The aim of Runa Lazzarino’s investigation in SEATIDE is to examine the nature of post-trafficking reintegration of victims of human trafficking in the context of Northern Vietnam (Hanoi and Lao Cai city). In particular, she is focusing on the life trajectories of five young female returnees paying attention to their medium-term after-shelter recovery and reintegration process.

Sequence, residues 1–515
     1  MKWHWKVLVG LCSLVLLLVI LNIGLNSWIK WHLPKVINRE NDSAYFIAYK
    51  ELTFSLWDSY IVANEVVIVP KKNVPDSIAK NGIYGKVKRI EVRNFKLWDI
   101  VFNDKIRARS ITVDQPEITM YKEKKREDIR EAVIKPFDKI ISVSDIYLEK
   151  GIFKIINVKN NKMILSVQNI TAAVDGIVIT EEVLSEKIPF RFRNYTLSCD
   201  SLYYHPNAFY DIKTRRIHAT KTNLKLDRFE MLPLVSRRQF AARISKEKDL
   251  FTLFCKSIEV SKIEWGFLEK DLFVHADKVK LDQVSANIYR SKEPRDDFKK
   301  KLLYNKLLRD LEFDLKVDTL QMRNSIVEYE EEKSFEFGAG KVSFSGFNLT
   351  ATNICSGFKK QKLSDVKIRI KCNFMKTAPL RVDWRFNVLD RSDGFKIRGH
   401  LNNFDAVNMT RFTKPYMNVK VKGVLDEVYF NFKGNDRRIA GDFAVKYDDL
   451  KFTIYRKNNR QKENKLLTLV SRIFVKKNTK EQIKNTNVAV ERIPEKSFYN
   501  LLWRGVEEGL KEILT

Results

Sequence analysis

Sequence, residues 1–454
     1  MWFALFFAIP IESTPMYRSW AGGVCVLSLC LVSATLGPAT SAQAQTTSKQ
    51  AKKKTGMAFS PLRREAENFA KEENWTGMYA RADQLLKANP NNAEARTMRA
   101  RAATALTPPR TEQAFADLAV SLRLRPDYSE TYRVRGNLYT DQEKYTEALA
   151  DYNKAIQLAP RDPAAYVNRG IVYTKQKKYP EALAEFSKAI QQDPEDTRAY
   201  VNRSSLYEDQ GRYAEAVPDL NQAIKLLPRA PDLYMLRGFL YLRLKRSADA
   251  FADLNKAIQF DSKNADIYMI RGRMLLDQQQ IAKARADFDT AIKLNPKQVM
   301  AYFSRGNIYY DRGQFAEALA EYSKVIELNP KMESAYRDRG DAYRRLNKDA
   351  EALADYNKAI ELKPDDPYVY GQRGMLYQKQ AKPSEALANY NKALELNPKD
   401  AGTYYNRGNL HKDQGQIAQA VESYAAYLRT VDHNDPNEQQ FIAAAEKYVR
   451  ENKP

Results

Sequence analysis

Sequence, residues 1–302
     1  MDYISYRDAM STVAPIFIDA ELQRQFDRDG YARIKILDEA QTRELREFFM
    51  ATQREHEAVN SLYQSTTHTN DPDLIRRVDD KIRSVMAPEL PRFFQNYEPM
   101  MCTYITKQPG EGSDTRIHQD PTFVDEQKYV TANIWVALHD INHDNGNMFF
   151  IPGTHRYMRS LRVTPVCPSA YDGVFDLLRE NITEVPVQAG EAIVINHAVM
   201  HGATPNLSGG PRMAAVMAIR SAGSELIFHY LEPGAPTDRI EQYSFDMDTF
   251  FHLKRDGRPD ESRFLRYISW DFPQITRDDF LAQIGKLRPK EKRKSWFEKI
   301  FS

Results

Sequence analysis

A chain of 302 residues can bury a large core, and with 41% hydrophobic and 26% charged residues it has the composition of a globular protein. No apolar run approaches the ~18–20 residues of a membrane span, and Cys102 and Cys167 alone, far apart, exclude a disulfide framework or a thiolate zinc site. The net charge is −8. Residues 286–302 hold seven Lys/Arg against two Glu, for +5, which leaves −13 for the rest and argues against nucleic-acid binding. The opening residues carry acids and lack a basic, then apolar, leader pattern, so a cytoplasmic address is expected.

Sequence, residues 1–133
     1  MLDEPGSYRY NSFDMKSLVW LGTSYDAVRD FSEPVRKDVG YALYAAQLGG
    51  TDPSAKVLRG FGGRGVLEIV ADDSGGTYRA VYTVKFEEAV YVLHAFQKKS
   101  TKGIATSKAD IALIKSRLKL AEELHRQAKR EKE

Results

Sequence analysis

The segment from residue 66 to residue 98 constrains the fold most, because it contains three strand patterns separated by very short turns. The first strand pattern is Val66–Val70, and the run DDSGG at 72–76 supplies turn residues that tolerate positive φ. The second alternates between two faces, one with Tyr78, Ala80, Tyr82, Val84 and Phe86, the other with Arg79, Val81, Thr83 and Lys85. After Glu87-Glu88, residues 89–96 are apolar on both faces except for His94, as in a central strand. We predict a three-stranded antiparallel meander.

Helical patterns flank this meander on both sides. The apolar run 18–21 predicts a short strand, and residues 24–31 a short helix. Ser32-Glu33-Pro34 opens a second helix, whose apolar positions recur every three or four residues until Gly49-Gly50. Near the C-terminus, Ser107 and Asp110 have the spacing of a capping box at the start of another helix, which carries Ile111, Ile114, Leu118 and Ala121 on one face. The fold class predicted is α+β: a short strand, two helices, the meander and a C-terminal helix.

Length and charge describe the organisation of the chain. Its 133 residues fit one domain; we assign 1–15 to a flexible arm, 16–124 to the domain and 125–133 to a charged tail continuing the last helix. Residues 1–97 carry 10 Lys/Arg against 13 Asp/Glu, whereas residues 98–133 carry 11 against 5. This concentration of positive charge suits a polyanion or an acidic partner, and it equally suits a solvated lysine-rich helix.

The hypothesis underlying Runa’s research in SEATIDE is that, coming from a position of marginality, which is also geographical, and of vulnerability, which is also often biographical, trafficking returnees often end up in new and unexplored circuits of marginality, once no longer benefiting from the aids (shelter residence, job placement, psychological care, etc.) designed to assist them. Indeed, the investigation led Runa to find that if a certain degree of success is perceived by the ex-residents of the shelter for trafficking victims - in terms of job placement, salary, and liberation from traditional gender norms - there are some more subtle aspects of post-shelter lives (e.g. infantilization, the persistence of socio-economic marginality, the threat of social stigma), which keep these young women excluded from a full integration at personal, social, and economic level.